2. I've endured a total of 18 Taxol Carboplatin infusions in my treatment history. I'm told that is unusual for a change in recipe is often called for when turmors reoccur or return. The first 6 really don't count. They were understrength adjunct treatments administered once-per-week while I had conventional radiation. The last 12 were a nightmare. A recent conversation with one about to undergo chemo for the first time primed a recollection. His doctor asked him if he wanted a port. Mine did also and I declined. That was a mistake. I got to thinking about other lessons learned that might be helpful. Here they are in no particular order. 'Roid Rage - my infusion cycle started with steroids to block side effects during infusion. A total of 6 steroid pills were required every 6 hours starting 12 hours before each infusion session. Then the first bag of stuff infused was steroids. Two side effects resulted: enormous appetite and sleep deprivation. Plan on staying awake the evening after infusion and eating everything in the house. IV Attacks - if offered a port, take one. For me, the absolute worst part of infusion day was finding a vein. I used up nurses like interest accumulates on the national debt. The clinic had a three-try-change-nurse policy. Once, the CT scan technician had to be called upon because I used up every nurse in the place. Charting Side Effects - It took me a while to realize that life goes on after infusion. It would be nice to know when one might venture out to eat without experiencing violent nausea or lower GI distress, always embarrassing at fine eating establishments! Use your smart phone calendar or paper "cancer calendar" to record the day and time of onset and wane of each side effect. Mine were exactly on schedule. Nausea symptoms started the day following infusion but lasted only 24 hours. Joint pain started day 2 after infusion and lasted about a week but the first 3 days were almost unbearable. If I took the anti-nausea medication an hour or so before onset, my symptoms were reduced. The same applied to prescribed pain medication. My doc told me to start taking it 3 hours before symptoms started and it made living with joint pain easier. Managing Side Effects - besides knowing when the start and end time, here are techniques that worked for me. My oncologist prescribed Lidocaine patches and my wife wrapped them around my most painful joints using ace bandages to gain relief to allow me to sleep. Sometimes she's use flexible freeze packs and wrap them to the bottom of my feet to numb them against "taxol toes", again to facilitate sleep. My last infusion cycle was combined with the oral chemotherapy drug Tarcevia. It added diarrhea that laughed at Imodium. A Tarcevia survivor told me to start each day with a bowl of plain steamed rice for breakfast. It worked! Low Counts - Conventional chemo attacks fast growing cells and these include cancer cells but also red and white blood cells. You'll likely receive a blood test 2 days after infusion and if counts are low, will receive injections to boost production of red and white cells. These drugs were Procrit and Neulasta. Unfortunately, both cause joint and bone pain. As a lung cancer patient, you'll be susceptible to chest colds that can quickly become dangerous because of your low white count. Try and stay home during the second week after infusion to limit your exposure and avoid school aged children. My oncologist had me keep a supply of Levaquin on hand and I was to start the medication at the first sign of chest cold symptoms. Infusion Day - my session averaged 6 hours. I devoured the kitchen at breakfast because of hunger caused by my 12-hour 'roid rage but bring something to eat during your infusion. You will also find yourself getting up frequently and dragging the infusion pump to the bathroom. Dress warm, even in the summer. My wife would stay with me during the IV insertion battle, then I'd read or play solitaire on my smartphone. On the way home, we'd stop at Denny's and I'd eat several of their Grand Slam offerings.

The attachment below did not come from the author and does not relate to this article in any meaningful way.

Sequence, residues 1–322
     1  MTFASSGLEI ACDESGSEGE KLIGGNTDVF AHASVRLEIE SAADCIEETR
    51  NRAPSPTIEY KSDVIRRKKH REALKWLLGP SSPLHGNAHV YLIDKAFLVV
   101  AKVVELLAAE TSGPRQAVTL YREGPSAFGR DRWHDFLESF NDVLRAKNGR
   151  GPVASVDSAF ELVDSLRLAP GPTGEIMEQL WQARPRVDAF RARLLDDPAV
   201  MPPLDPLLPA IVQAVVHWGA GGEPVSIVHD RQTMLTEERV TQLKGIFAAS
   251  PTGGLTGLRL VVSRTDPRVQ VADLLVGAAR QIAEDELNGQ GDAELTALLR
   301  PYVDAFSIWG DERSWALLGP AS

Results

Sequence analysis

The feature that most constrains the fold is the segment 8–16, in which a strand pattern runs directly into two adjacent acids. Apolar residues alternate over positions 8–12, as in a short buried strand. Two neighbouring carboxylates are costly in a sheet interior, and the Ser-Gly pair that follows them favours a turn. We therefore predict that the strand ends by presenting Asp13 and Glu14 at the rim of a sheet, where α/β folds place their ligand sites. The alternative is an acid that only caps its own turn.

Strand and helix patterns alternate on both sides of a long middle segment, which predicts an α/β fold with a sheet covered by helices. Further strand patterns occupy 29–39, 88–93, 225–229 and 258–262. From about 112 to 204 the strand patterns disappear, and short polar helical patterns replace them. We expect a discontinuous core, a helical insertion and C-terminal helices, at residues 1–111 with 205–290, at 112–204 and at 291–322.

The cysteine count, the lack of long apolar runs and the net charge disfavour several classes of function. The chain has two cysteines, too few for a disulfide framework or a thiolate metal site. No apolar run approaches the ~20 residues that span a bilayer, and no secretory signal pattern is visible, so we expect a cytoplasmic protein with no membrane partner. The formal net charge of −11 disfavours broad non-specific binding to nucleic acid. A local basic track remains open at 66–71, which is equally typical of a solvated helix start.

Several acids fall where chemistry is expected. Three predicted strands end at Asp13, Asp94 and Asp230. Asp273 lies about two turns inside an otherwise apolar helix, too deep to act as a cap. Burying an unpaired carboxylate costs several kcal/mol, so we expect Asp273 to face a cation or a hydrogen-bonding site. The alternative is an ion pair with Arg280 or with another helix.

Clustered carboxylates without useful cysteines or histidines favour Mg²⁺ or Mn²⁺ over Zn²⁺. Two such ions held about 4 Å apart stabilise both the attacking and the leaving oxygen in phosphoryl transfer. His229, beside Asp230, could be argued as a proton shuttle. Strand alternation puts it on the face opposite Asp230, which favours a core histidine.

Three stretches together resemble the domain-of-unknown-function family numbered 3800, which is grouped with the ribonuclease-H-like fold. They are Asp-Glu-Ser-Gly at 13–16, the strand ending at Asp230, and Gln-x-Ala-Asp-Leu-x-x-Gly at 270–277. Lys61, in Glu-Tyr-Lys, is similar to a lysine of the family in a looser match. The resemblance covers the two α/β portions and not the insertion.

3. The lights dim, the announcer’s introduction complete, now all the stand-up comedian needs to do is be funny. We’ve all seen one bomb. Even the best have a bad night. Overcoming fear must be a prerequisite for a comedian. Comedian and author Jerry Gillies developed an excellent approach for handling fear: “Confront your fears, list them, get to know them, and only then will you be able to put them aside and move ahead.” This is very relevant advice for a lung cancer survivor. I practiced a broader form of writing down fears by producing a journal of treatment experiences. I still re-read that journal to keep connected to my treatment. While I read the entire entry, I concentrate on what I was afraid of. So in a broader sense, I practiced Jerry Gillies' sage advice and benefited from it. The power of writing down fearful things is important because my fear quickly morphed into a monster by spawning a multitude activities that I may or may not have been frightened by. For example, chemotherapy infusions were frightful events — at least that is the way my journals in early treatment read. But was the entire infusion process frightening? What I was afraid of was installing the IV, not the stick, but the wiggle to find the right place to situate the device. An irrational fear because wiggling generates a mild discomfort but in my mind, wiggling is enduring torture. I have this mental picture of being strapped to a chair for interrogation while nurse-after-nurse “sticks and wiggles” on every extremity. Just last week during a blood draw, the head phlebotomist had to pin me to the chair because I was “going down” during the procedure. A quick application of smelling salts saved the day! Following Gillies’ advice, I would write down “wiggle” on my list of fears. Getting to know my fear of wiggling produced some ways to put it aside and move ahead. My first way was Xanax. One mg of Xanax about 30 minutes before a procedure and IV installs are a piece of cake. Another way is to tell the nurse ahead of the procedure that I have a phobia and not to wiggle; pull it out and try another vein. Another journal reveal is fear of pain caused by lung cancer progression. Reading disclosed metastasizing tumors invading my spinal chord causing excruciating pain. My oncologist dismissed this by explaining palliative radiation and hospice care. Thus, I was able to put this fear aside and continue on. A lung cancer diagnosis is the most frightening event in my life, treatment is a close second, and recurrence follows. Lung cancer trumps everything else I deal with. But, I learned to face this fear. Writing about fear helps me understand it and deal with it. Jerry Gillies’ approach works. Stay the course.